The interconnected world economy has created competition amongst the world's cities and metropolitan regions to provide efficient and competitive access to world markets for business and leisure travel as well as for the global air cargo networks. Modern international airports located near major cities, which are served by the world's air carriers has become a pre-requisite for cities to attract major corporation headquarters, offices and operations and production centers, institutions and other large employers. Modern airports can serve as catalysts for and drivers of regional economic growth by allowing efficient business travel, tourism access and development, potential air carrier and logistical hub operations. It is little wonder that in cases where large corporations are searching for new corporate headquarters and major office, operational and production facilities, the quality of international flight access and regional airport connectivity is often cited as a key consideration. For local governments, competing against many other world cities in effort to attract international companies to their cities, airport development and modernizing airport infrastructure often comes to the forefront of political agendas.
In the passenger airline markets, the significant increase in market share in favor of the low-cost carriers relative to the legacy carriers has also significantly disrupted the traditional "hub-and-spoke" model in the global aviation industry, which was dominated by the legacy carriers. In many markets, this has also increased demand share at smaller secondary or tertiary regional airports (often with more attractive landing and gate fees). Beginning in 2020 and continuing until today, the airport sector has been subject to enormous economic stress due to the global COVID-19 pandemic. Airports finances are highly dependent on airline landing and gate fees as well as passenger-related fees and commercial activity at and within airports. With airlines suspending or curtaining significant numbers of flights in 2020 due to COVID related travel restrictions, this has severely stressed the financial viability of most airports and has forced many airports to seek government support in order to avoid defaulting on payment obligations. Certain airports that have been able to diversify away from passenger-related revenue sources (such as airports serving as retail shopping malls or global logistical hubs) have in some cases faired better. All of these items above, combined with the fact that airport development and modernization is an extremely capital-intensive undertaking, represent some of the significant challenges faced in the airport industry.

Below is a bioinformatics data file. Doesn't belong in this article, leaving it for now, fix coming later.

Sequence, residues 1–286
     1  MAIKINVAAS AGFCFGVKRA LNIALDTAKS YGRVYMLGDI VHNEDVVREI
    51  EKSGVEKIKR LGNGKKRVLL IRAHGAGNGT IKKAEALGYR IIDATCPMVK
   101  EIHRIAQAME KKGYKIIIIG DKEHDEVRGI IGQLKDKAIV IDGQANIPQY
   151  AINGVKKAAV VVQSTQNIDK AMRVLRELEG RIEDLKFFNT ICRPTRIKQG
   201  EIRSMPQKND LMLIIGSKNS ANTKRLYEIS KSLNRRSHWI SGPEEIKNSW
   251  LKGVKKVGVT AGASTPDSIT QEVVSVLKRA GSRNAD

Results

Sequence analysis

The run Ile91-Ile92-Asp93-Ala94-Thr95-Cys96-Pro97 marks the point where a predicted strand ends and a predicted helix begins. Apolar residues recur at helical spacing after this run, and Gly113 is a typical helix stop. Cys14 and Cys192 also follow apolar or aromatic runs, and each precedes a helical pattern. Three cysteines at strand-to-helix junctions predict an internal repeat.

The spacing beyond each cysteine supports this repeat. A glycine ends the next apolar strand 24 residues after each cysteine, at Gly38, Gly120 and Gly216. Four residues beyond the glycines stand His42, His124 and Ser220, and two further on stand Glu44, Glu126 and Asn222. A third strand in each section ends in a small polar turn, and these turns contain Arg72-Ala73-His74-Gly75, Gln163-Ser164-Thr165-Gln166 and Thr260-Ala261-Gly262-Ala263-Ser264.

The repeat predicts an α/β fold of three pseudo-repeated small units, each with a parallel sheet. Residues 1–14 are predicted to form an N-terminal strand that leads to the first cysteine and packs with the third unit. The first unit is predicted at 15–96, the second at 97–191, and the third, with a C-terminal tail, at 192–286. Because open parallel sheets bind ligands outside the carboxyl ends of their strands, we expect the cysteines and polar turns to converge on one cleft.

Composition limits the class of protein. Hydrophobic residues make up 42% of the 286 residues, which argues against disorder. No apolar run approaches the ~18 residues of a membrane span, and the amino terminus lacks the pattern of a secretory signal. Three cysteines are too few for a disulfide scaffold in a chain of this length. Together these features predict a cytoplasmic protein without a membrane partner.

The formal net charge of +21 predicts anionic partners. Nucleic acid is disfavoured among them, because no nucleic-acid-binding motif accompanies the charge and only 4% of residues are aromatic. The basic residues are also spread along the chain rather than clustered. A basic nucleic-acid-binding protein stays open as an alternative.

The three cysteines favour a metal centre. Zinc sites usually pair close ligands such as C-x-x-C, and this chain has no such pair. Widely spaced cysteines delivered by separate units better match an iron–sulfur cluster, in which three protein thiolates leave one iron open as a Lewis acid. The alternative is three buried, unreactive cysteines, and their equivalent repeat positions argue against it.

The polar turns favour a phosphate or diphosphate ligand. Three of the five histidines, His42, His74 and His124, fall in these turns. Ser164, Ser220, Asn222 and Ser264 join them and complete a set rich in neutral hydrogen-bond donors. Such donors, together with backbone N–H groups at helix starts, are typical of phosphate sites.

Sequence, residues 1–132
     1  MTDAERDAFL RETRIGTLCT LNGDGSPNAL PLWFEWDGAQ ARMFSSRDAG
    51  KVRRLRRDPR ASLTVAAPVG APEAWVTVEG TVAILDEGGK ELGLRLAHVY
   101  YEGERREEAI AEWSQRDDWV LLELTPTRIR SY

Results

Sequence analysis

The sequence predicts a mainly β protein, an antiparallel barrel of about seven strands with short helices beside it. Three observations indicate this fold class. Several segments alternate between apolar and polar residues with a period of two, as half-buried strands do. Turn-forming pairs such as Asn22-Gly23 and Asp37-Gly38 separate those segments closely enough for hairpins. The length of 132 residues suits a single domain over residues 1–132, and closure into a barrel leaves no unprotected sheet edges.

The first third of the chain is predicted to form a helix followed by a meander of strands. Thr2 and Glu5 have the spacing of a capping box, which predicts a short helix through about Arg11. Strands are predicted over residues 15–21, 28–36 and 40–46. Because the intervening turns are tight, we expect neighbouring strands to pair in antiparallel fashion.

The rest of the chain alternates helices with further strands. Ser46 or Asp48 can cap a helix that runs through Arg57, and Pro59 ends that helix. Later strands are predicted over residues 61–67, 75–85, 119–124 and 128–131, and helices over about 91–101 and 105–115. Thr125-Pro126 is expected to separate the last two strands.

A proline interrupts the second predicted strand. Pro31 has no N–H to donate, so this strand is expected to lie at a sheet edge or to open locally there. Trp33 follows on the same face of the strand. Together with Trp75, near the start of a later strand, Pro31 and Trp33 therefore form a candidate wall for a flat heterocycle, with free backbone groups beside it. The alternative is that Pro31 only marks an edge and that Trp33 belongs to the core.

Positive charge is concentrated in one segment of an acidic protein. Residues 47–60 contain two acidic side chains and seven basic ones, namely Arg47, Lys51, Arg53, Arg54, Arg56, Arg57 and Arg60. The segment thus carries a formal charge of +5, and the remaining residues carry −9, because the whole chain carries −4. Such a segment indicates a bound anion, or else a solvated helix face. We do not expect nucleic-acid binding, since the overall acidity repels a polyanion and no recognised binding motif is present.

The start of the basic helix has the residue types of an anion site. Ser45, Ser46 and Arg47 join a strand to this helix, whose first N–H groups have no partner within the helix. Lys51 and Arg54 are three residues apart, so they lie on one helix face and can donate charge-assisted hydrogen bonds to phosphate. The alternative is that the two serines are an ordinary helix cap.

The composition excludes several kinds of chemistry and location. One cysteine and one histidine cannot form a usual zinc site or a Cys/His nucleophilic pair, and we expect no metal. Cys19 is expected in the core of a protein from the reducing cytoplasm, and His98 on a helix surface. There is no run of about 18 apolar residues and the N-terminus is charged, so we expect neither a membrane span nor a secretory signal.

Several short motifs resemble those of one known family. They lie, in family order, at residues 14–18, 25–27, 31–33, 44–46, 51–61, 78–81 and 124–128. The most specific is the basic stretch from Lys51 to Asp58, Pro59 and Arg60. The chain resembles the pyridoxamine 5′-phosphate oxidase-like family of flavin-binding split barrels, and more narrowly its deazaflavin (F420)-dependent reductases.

DCS assists our public and private sector clients with evaluating, planning, financing, developing, constructing, operating and managing airports and related air-side and land-side aviation infrastructure. The significant and unprecedented challenges facing the airport industry, as set forth above, are very real and serious challenges that airport owners and operators demand comprehensive and long-term solutions for. Our DCS team of airport sector experts is eager to help assist our clients with solutions to even the most challenging problems. DCS experts have significant experience structuring and negotiating all types of airline use and lease agreements, including compensatory, residual and hybrid agreement types and "majority in interest" (MII) provisions. In addition, we have significant experience as well with the financing and development of airport "special facilities", including aircraft maintenance, aviation training, air cargo logistics, parking and transportation, rental car, aircraft fuel supply and other airport supplemental facilities. Our expertise in the airports sector includes the full spectrum of contractual/ownership models ranging from conventional public sector shareholding, to privatizations and all variations of public-private partnership models.